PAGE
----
The Arkansas State Police says they will be upping their enforcement as it pertains to distracted driving from April 5-12.
The effort is part of a national campaign called “U Drive. U Text. U Pay,” which is an annual high visibility event led by the U.S. Department of Transportation’s National Highway Traffic Safety Administration (NHTSA).
“Typing a text message or reading one while driving and all the other distractions occurring inside a moving vehicle have become lifestyle practices leading to life threatening consequences,” said Colonel Bill Bryant, Director of the Arkansas State Police and the Governor’s Highway Safety Representative. “A driver taking their eyes off the road for five seconds while traveling at 55 miles per hour covers the length of a football field,” Colonel Bryant stated. “The time and distance factors create a deadly formula, leaving a driver with little if any time to safely avoid a collision.”
According to the NHTSA, from 2012-19, 26,004 people died in motor vehicle crashes that involved distracted drivers. While motor vehicle crash fatalities nationally decreased slightly during 2019, there was a 10 percent increase in crashes involving drivers who had been distracted. Nine percent of all traffic fatalities were linked to distracted driving. The figures represent a 10% increase, 284 deaths, over the previous year and accounts for the largest increase among contributing factors in traffic crash deaths reported.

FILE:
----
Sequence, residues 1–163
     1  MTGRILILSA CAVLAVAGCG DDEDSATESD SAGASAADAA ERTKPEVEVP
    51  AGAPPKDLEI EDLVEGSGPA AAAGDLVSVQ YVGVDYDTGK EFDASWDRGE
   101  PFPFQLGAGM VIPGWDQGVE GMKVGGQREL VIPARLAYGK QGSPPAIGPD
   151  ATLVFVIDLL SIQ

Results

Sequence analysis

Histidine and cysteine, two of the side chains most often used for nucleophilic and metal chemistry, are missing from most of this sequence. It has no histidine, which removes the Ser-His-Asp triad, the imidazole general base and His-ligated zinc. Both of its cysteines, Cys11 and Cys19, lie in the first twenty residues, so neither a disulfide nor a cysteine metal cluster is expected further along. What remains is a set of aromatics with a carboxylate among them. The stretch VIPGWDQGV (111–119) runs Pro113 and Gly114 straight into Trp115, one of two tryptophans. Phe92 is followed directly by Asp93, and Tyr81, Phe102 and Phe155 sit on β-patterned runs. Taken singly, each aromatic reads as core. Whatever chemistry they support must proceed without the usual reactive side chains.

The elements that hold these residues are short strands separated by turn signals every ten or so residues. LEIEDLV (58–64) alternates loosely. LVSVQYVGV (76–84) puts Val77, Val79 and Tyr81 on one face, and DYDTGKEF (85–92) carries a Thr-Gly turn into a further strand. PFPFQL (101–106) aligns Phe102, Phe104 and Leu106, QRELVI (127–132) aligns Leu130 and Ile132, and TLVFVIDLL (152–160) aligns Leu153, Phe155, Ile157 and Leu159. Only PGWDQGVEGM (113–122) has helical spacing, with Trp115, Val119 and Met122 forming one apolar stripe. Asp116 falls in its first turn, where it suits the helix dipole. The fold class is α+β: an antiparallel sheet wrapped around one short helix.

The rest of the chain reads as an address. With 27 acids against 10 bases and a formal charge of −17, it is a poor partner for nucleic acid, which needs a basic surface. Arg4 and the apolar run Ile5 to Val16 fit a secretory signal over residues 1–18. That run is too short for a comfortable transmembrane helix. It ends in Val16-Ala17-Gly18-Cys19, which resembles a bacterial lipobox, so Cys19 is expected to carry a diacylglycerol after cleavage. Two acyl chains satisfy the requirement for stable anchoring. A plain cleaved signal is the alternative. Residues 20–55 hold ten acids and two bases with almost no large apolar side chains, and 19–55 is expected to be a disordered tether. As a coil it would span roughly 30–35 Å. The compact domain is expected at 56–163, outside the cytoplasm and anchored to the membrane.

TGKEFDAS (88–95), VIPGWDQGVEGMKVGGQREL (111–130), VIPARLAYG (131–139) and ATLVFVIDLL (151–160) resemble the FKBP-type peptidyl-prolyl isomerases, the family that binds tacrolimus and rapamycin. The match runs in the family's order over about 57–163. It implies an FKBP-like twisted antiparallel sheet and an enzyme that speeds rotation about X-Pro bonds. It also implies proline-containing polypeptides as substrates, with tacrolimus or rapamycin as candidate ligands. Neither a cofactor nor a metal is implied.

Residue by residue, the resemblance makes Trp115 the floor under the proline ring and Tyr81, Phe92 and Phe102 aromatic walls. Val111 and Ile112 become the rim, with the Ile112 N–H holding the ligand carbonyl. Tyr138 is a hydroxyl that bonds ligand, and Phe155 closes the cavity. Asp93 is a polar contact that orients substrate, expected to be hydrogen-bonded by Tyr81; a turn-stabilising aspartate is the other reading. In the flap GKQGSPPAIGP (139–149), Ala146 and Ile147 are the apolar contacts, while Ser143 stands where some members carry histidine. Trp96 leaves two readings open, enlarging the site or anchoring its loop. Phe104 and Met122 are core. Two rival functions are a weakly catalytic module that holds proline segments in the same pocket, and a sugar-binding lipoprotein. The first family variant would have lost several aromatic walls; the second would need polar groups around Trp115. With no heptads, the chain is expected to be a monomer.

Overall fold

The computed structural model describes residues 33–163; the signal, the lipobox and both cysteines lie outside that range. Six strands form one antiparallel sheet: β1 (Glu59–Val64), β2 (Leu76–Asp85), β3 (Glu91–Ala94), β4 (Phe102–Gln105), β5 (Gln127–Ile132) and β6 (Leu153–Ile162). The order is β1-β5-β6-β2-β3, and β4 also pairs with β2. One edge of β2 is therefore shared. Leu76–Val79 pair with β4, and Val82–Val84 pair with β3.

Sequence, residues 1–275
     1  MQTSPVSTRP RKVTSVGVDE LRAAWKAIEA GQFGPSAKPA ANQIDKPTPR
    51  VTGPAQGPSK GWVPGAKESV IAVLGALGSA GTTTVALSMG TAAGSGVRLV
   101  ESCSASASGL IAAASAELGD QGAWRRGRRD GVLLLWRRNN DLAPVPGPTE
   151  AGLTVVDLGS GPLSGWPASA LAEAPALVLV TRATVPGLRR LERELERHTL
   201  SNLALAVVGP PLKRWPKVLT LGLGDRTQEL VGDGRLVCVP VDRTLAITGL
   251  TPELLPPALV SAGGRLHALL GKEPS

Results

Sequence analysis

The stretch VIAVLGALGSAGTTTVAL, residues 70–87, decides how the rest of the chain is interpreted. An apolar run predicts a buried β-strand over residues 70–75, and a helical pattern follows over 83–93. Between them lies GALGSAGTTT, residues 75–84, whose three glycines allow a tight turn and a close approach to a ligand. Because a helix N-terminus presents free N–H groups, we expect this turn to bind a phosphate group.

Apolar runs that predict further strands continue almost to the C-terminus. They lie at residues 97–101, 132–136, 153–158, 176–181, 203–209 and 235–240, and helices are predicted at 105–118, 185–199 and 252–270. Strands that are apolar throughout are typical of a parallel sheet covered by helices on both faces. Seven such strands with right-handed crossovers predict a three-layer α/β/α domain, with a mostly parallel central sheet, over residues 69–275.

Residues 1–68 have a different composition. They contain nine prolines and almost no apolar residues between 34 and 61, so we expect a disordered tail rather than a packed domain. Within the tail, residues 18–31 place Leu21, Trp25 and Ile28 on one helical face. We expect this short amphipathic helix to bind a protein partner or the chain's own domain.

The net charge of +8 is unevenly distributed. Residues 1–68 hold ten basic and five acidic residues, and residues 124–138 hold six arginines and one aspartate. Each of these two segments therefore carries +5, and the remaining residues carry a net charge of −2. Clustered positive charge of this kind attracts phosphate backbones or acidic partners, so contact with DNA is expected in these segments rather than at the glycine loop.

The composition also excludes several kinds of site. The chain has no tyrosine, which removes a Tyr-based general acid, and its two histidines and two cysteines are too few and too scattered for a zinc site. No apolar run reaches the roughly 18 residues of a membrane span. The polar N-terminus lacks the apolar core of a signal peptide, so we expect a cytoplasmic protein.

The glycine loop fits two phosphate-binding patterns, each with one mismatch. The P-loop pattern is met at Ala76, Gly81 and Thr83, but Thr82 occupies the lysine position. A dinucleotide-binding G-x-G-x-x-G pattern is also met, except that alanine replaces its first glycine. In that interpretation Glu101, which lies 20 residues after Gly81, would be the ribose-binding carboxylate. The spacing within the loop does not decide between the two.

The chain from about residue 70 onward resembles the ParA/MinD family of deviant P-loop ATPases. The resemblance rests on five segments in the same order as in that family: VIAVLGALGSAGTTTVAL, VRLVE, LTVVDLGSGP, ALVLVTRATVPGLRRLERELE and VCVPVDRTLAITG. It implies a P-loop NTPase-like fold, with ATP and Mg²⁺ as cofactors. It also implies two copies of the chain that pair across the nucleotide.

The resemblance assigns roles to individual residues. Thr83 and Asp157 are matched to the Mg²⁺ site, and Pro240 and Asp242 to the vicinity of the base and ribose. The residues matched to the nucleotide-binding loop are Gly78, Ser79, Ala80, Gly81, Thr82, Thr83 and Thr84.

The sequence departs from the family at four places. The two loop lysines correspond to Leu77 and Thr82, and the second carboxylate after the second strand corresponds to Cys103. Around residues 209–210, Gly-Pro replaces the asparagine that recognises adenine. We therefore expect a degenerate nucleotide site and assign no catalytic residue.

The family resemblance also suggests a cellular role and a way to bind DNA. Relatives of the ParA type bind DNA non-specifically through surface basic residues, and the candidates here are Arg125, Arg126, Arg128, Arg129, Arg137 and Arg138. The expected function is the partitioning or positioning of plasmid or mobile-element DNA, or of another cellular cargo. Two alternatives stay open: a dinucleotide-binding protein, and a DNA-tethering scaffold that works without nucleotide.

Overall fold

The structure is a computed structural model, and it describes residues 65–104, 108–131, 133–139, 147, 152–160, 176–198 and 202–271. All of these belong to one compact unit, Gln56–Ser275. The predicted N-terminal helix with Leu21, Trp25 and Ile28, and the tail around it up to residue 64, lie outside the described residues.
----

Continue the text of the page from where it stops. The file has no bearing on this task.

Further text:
While the enforcement is geared more towards texting and using social media while driving, officers may pull over individuals who take their eyes off the road and veer into another traffic lane or the shoulder.
The NHTSA says that Millennials and Gen Z drivers are statistically more prone to talk, text, and scroll through social media while driving. Drivers 16 to 24 years old, were observed using handheld electronic devices more frequently than older drivers. During 2019, drivers 15 – 19 years old comprised 9% of those killed in vehicle crashes while driving distracted.
Here are some tips from the Arkansas State Police on how drivers should handle their phones while driving:
• If you’re expecting a text message or need to send one, get off the road or highway. Pull into a safe location away from traffic, then handle your messaging.
• Ask a passenger to be your “designated texter.” Allow the passenger to access to your phone for calls or messages.
• Do not engage in social media scrolling or messaging while driving.
• Cell phone use is habit forming. If you struggle with the practice of avoiding text messaging while driving, activate the device “Do Not Disturb” feature, or place the phone in the trunk, glove box, or back seat of the vehicle until arriving at your destination.